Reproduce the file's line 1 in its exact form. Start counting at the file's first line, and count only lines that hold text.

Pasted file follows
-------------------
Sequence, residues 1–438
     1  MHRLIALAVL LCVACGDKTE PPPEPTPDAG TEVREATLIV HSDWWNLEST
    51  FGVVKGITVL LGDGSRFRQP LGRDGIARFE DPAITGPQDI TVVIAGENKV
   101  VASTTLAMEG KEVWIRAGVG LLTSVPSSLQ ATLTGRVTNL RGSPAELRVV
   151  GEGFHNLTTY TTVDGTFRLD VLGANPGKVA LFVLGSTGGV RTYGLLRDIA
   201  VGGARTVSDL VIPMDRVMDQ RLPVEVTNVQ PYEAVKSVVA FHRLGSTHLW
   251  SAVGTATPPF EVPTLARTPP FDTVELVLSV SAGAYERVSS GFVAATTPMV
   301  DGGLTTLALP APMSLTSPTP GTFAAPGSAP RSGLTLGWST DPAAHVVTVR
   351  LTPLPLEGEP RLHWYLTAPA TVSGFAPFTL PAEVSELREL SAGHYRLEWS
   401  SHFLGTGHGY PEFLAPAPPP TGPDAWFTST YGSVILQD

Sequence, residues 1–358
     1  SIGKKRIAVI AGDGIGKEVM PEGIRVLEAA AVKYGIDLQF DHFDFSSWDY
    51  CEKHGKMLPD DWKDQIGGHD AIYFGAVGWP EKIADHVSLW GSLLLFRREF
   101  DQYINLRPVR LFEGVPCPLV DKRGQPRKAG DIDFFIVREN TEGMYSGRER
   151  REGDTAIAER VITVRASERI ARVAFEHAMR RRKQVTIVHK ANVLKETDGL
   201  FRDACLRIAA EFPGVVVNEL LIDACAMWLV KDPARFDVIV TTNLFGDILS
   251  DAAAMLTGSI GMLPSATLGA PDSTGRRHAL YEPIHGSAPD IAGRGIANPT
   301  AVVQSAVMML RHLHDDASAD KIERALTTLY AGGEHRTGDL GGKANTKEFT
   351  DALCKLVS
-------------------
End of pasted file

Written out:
Sequence, residues 1–438